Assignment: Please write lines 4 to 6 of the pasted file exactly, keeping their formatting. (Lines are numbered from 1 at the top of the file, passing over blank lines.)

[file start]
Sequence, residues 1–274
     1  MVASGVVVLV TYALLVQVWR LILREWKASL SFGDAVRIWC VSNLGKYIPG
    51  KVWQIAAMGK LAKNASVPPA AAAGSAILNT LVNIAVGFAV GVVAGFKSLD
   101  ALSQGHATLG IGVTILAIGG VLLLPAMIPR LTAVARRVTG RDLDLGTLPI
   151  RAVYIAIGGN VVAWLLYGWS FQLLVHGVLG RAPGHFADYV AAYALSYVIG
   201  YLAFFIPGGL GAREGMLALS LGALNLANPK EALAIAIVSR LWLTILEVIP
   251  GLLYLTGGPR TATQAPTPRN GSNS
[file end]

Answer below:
   101  ALSQGHATLG IGVTILAIGG VLLLPAMIPR LTAVARRVTG RDLDLGTLPI
   151  RAVYIAIGGN VVAWLLYGWS FQLLVHGVLG RAPGHFADYV AAYALSYVIG
   201  YLAFFIPGGL GAREGMLALS LGALNLANPK EALAIAIVSR LWLTILEVIP